The launch of Elon Musk's Tesla Roadster on SpaceX's first Falcon Heavy rocket has fostered fresh demand for the same car now traveling through space.
No, not the electric hot rod, but rather its smaller replica: a Mattel Hot Wheels toy that was mounted on the Roadster's dashboard.
"FYI: If you're sitting on any extra of the Tesla Roadsters, now is the time to sell them. The SpaceX bump has them jumping in value," a Hot Wheels collector wrote on Reddit under the website’s forum dedicated to the die-cast cars. [Elon Musk's Tesla Roadster and Starman Leave Earth Forever in This Final Photo]
The red Hot Wheels Tesla Roadster sold for $1.09 when it hit toy stores in 2016 and was selling between $5 and $15 on eBay as recently last month. Now, less than week after the launch, it is commanding as much as $100, with newer listings asking $150 or more.
Musk mounted the Hot Wheels model on his space-bound Tesla after a friend suggested the idea. The "little car in the car," as Musk phrased it, lifted off on Tuesday (Feb. 6) and is now on its way to a point in space just beyond the orbit of Mars. This July, it will begin to loop back on an elliptical orbit that is expected to repeat for millennia to come.
"It is silly and fun, but silly and fun things are important," said Musk, who is the chief executive at both SpaceX and Tesla. "I think the imagery of it is something that is going to get people excited around the world."
Mainline vs. Super
Photos taken prior to flight and SpaceX's live video feed of the Roaster leaving Earth only capture the Hot Wheels car from afar, leaving some question as to what version of the toy is now in space.
Mattel first sold a Hot Wheels Tesla Roadster in 2008, the same year Tesla put the car on the market. That first year, the toy was only offered in blue, green and silver. In 2016, the Roadster was re-issued in red.
In fact, there were two red Roadsters offered: a "mainline" model, which Mattel mass produced, and a "Super Secret Treasure Hunt" variant (referred to by collectors as just a "Super") of a much more limited run. Mattel introduced its Treasure Hunt series of cars in 1995 and at first marked its packaging to identify which they were. Starting in 2013, the company did away with the labels, instead favoring a subtler approach, which made the Supers harder to find.
The 2016 mainline Roadster was a much brighter red than Musk's "midnight cherry" space car. The Super variant was finished in a "Spectraflame" metallic dark red, which more closely matches both the full-size Roadster and what looks to be the Hot Wheels toy now in space.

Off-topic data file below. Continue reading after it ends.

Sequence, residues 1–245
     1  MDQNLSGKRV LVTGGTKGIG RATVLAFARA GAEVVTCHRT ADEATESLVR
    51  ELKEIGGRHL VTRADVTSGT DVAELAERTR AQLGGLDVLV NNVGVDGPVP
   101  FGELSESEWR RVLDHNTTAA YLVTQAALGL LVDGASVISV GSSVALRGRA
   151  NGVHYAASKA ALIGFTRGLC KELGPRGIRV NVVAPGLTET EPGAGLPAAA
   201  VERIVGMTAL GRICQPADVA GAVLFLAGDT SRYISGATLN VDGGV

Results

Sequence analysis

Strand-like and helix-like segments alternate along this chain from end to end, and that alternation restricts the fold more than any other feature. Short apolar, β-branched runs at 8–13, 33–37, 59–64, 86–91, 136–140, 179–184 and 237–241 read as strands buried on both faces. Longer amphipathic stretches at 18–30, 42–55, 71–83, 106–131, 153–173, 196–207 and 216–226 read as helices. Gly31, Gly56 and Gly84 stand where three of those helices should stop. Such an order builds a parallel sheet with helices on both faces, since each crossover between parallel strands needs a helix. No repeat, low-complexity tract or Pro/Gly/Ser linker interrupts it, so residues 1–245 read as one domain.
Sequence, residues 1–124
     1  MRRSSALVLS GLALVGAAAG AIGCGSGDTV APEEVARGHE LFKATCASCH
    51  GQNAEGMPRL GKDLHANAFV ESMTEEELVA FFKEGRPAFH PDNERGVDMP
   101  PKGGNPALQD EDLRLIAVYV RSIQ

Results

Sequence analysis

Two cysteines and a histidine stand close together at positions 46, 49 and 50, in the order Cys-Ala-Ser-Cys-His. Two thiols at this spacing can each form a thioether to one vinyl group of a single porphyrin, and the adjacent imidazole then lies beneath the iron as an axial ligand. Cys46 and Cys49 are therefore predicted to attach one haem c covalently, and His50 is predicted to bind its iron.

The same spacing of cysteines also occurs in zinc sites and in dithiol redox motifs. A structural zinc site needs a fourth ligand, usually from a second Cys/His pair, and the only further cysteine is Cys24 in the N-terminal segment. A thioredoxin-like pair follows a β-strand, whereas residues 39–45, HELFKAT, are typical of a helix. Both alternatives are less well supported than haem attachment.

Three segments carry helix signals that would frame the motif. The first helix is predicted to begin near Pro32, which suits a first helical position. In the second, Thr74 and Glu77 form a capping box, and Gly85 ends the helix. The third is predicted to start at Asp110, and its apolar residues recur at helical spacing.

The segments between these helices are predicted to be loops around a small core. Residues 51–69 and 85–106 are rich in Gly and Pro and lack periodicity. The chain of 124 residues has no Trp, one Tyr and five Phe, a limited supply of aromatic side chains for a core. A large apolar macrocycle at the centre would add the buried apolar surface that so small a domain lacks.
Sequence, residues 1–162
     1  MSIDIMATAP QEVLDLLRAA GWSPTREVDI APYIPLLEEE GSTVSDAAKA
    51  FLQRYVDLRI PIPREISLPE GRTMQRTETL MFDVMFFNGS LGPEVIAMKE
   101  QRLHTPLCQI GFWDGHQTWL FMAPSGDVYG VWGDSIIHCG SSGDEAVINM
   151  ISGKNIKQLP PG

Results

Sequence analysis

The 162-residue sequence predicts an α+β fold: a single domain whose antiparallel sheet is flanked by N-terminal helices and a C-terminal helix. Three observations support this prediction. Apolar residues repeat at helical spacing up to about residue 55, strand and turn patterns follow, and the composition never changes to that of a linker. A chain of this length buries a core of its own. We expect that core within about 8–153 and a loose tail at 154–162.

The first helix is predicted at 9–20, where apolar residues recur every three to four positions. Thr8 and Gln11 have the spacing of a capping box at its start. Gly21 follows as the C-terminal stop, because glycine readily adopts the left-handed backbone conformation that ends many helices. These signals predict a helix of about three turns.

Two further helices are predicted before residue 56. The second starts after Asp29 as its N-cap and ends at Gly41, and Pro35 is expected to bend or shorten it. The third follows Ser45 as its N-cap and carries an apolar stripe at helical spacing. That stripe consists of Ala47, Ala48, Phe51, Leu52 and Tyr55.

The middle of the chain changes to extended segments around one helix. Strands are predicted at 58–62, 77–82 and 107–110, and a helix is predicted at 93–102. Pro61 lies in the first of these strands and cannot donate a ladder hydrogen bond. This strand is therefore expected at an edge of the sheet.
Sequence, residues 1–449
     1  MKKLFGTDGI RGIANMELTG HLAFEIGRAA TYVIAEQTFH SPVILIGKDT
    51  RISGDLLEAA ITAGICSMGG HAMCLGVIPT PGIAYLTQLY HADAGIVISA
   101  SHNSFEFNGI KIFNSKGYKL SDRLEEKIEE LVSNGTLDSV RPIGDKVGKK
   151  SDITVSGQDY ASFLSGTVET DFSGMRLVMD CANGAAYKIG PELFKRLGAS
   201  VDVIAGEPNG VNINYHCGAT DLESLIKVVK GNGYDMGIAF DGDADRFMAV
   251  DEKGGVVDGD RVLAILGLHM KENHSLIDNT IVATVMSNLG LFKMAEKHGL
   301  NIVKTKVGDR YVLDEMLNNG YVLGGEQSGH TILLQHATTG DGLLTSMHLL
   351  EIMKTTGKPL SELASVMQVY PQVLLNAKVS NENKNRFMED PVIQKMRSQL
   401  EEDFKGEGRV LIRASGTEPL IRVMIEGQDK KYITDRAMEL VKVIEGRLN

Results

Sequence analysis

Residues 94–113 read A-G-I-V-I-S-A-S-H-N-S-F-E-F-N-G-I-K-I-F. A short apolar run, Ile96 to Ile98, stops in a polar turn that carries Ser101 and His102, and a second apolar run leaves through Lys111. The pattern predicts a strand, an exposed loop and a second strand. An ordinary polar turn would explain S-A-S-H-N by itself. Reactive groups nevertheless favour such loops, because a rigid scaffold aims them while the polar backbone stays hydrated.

Nevertheless, the market for both the mainline and Super versions has seen a boost since the launch.
"There are TONS of new listings," read a post on Reddit. "Some are pushing $50. For the MAINLINE."
The major thing missing from both the mainline and Super models that the Hot Wheels toy in space has is a Starman.
Musk had the replica Roadster modified to include its own scale model of "Starman," the spacesuited mannequin that is "driving" the real Roadster, named in memory of the late musician David Bowie.
"There's a tiny Roadster with a tiny spaceman," said Musk.
The popularity of the Falcon Heavy's launch has led some Hot Wheels and SpaceX fans to hope Mattel will produce a Starman special edition of the Hot Wheels Tesla Roadster in the (near) future.
"Okay Hot Wheels, no pressure, but if you're not making a tiny, midnight cherry Tesla Roadster with Starman in the driver's seat, you might be doing something wrong," wroteone fan on Twitter. Similar comments were also posted on Mattel's official Hot Wheels collectors forum.
If Mattel does offer a new SpaceX-inspired Roadster, it will add to the company's history of producing Hot Wheels toys for space missions in the news.
In the 1990s, the company produced several Hot Wheels "Action Packs" that featured miniature versions of NASA's Mars rovers, planetary probes and one that celebrated the spaceflights of astronaut John Glenn. More recently, Mattel offered a Hot Wheels toy version of NASA's Mars Curiosity rover, which hit store shelves within a month of the mission landing on the Red Planet in August 2012.